Wednesday, August 31, 2005


Script of the Day -- Divide Story into Two

The task of splitting a story into two parts is complicated by the possibility that a table is sitting at the point where the user wants to split the story. I recall when I first wrote this script (a year or so ago for InDesign CS) feeling rather proud of working out how to deal with that.

If ever there was an object lesson in the need to carefully document what a script is doing, here is one. I'm staring at this code I created and I don't see how it knits together the second story. I'm going to have to step through it to see it in action!

OK, I see what happens. The script starts at the back end of the original story, replacing each frame with an empty duplicate and linking those empty duplicates together. This makes the first story overset (or increases the amount of overset text, depending on its original state). Eventually, the script reaches the frame that is destined to be the first frame of the second story. This time, instead of emptying the duplicate, the original frame is emptied of text and then deleted. The duplicate it threaded to the start of the chain of empty text frames and so its text now flows through them.

This works even if the start of the frame is in the middle of a table. But, in that case, there is some extra work to do because the whole table is still part of the first story (albeit everything that is now in the second story is overset). So, the script calculates how much of the table is actually visible and deletes the rest.

It should be noted that if you have special settings for table headers and footers, now that the table is split in two, the settings will apply to each table, and so the two stories might not look exactly the same as before the split.

In truth, all this effort relating to tables is highly unlikely to be put into practice by anybody. Most people wanting to use this script do not want to split in the middle of a table, but for those that do, it is possible. Here's the code of the script:
//DESCRIPTION: Splits story at the selected text frame.

// The selected frame becomes the first of the new story.
// Note that the behavior when an overset last frame is selected
// is different from that of the break-out text frame script.
// This script moves the overset text to the second story while
// breaking out the last frame leaves the overset text attached to the first story.

if ((app.documents.length != 0) && (app.selection.length != 0)) {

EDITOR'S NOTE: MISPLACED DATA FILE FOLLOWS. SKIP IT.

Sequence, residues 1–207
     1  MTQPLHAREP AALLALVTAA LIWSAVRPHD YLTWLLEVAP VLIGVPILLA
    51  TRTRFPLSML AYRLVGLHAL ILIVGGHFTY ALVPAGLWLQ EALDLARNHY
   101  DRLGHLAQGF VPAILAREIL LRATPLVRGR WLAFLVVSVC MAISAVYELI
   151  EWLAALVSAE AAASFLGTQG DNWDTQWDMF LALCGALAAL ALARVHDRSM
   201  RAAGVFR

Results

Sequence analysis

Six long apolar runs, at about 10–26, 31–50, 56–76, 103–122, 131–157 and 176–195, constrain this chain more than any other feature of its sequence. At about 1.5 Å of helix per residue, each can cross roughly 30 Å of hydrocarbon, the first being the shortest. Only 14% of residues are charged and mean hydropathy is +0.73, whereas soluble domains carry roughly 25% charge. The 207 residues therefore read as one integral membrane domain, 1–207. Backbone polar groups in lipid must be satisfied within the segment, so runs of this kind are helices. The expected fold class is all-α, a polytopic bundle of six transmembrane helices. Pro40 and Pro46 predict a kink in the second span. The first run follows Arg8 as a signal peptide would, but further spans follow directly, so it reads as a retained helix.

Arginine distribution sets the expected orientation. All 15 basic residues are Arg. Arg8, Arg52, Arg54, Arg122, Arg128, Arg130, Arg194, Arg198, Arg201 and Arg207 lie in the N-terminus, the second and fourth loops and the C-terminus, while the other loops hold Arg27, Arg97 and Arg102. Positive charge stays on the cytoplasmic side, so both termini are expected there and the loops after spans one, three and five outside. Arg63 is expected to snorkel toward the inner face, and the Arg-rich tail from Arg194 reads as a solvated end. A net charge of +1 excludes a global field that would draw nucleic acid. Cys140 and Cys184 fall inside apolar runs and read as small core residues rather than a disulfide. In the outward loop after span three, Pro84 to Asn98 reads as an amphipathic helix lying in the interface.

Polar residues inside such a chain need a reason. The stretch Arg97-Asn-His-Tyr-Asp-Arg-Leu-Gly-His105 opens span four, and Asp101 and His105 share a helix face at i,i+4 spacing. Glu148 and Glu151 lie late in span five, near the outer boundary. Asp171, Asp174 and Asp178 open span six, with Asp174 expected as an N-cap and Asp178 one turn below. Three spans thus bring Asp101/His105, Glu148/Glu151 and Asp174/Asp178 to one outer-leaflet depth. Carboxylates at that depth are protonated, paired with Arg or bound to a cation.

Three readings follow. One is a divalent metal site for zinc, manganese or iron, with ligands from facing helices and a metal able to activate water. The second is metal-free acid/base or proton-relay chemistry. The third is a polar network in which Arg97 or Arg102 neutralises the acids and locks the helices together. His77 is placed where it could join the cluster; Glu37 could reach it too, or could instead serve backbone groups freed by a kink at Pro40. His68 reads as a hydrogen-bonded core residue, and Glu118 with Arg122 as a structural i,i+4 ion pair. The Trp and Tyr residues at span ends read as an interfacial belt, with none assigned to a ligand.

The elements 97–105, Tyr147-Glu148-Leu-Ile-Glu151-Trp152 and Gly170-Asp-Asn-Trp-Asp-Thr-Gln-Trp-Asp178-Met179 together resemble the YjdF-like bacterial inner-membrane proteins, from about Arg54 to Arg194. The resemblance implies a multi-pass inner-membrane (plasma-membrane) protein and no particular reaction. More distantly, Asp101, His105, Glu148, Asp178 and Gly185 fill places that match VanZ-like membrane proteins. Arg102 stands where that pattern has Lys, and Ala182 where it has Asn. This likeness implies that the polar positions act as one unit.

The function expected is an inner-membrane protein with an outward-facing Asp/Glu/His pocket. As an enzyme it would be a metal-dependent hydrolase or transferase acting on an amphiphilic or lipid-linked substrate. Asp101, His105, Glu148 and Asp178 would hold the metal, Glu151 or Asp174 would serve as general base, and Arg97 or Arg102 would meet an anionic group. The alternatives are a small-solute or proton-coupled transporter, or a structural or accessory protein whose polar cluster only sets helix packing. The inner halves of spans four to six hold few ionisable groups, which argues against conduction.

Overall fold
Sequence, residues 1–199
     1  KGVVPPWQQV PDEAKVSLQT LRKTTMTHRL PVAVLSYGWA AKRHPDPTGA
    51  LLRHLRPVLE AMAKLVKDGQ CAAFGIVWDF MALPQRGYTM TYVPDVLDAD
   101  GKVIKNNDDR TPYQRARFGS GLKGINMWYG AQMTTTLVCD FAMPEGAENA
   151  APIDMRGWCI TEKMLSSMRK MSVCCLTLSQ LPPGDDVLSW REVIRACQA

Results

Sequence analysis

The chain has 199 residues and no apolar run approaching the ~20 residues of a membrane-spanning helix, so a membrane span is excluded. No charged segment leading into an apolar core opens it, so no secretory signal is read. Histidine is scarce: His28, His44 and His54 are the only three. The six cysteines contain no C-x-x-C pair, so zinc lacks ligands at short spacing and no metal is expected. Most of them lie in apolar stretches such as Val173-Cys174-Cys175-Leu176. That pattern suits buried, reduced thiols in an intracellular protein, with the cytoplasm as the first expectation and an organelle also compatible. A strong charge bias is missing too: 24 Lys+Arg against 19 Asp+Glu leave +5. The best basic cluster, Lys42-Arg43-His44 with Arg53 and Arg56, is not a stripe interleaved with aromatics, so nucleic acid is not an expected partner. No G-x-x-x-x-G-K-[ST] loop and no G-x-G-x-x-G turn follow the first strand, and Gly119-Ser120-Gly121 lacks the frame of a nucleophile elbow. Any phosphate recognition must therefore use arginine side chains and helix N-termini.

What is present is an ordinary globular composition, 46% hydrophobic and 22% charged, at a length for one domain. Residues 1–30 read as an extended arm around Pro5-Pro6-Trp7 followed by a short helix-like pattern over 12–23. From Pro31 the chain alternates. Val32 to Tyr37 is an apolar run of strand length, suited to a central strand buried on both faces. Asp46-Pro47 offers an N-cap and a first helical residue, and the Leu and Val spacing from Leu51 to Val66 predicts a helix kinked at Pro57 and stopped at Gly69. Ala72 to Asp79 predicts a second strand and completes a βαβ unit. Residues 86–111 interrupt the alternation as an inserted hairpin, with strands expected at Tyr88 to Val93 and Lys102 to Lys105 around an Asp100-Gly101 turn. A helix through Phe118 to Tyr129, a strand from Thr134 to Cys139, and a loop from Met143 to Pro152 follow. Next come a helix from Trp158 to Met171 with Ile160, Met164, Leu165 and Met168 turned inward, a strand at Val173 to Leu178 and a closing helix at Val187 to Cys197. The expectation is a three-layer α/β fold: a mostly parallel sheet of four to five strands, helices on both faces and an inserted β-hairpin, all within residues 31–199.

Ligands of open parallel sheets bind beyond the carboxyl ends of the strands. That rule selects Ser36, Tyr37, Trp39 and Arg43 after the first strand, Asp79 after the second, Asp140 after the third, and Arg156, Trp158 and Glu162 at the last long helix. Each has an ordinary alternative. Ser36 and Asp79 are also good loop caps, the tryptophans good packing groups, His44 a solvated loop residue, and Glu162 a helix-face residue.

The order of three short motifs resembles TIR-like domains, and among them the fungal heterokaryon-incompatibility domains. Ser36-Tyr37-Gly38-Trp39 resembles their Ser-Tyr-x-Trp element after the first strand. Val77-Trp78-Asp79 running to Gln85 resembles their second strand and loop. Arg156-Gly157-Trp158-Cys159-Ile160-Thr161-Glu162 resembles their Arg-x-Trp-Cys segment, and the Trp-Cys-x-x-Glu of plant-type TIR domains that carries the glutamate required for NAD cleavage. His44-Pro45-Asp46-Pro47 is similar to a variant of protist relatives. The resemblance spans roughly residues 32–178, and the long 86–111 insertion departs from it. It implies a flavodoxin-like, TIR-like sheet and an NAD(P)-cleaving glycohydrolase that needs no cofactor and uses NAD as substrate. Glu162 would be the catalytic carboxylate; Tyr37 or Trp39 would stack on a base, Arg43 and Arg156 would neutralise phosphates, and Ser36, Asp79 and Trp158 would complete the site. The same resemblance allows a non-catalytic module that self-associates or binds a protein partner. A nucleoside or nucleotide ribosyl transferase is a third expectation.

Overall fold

var myFrame = app.selection[0];
 if ( != "TextFrame") {
  errorExit('Please select a text frame');
 var myStory = myFrame.parentStory;
 var mySplit = myFrame.textFrameIndex;
 var myTot = myStory.textFrames.length;

 // Because of the possibility of tables, we must always work from the back
 var myStart = myTot - 1;
 var myEnd = mySplit;

 // Nothing to do if user has selected first frame.
 if (myEnd != 0) {
  if (myStart > myEnd) {
   var myPrevFrame = splitMe(myStory.textFrames[myStart]);
   for (var i = myStart; i> myEnd; i--) {
    var myNewFrame = splitMe(myStory.textFrames[i]);
    myPrevFrame.previousTextFrame = myNewFrame;
    myPrevFrame = myNewFrame;
  // Now we deal with the last frame
  myFrame = myStory.textFrames[myEnd]
  try {
   myIndex = myFrame.characters[0].index;
   stEnd = myStory.length - 1;
   myText = myStory.texts[0].characters.itemByRange(myIndex,stEnd);
  } catch (e) { } // Ignore; happens if last character is a table or frames are empty.
  myNewFrame = myFrame.duplicate();
  try{myText.remove();}catch(e){} //ignore empty frame
  try{myPrevFrame.previousTextFrame = myNewFrame;}catch(e){} //fails if one frame only
  //Finally, if, and only if, the split is mid-table, myStory is now overset
  if (myStory.textFrames[-1].overflows) {
   myTable = myStory.characters[-1].tables[0];
   myNewTable = myNewFrame.parentStory.characters[0].tables[0];
   myRowCount = myNewTable.rows.length;
   myTable.rows.itemByRange(0 - myRowCount,-1).remove();
} else {

// +++++++ Functions Start Here +++++++++++++++++++++++

function splitMe(myFrame) {
 myDupeFrame = myFrame.duplicate();
 while(myDupeFrame.contents.length > 0) {
 return myDupeFrame;

function errorExit(message) {
 if (arguments.length > 0) {
  if (app.version != 3) { beep() } // CS2 includes beep() function.
 exit(); // CS exits with a beep; CS2 exits silently.
// +++++++ Script Ends Here ++++++++++++++++++++++++++

To prevent confusion with the SplitStory.jsx released with InDesign CS2 by Adobe, I'm calling my script DivideStory.jsx.

Sadly doesn´t work here (CS3)
it throws error 45 (invalid object) on the line 40. I´m soo sad
Any chance of making it work for CS3? Please...
MAN I could sure use this script about now. I have a 100% table story that I need to split.... tried a couple from adobe exchange but I get crazy errors too!
Hi Dave, how is your health?
I am reasonably healthy, but I should let everyone know that I have completely retired from publishing. Now that I'm into my 70s, I'm leading a completely different life centered around bird photography.
For those who think the script no longer works, it continues to run perfectly for me right up to CC 2015 by putting it into a "Version 4.0 Scripts" (case sensitive but without the quotes) subfolder of the Scripts Panel folder....
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